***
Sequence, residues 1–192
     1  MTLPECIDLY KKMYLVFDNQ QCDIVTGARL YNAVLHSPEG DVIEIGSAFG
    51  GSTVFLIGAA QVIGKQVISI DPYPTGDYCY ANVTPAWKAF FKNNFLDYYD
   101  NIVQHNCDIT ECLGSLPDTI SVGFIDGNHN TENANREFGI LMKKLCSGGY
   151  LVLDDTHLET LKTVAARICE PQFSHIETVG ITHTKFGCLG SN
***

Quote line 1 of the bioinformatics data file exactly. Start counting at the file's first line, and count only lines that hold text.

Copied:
Sequence, residues 1–192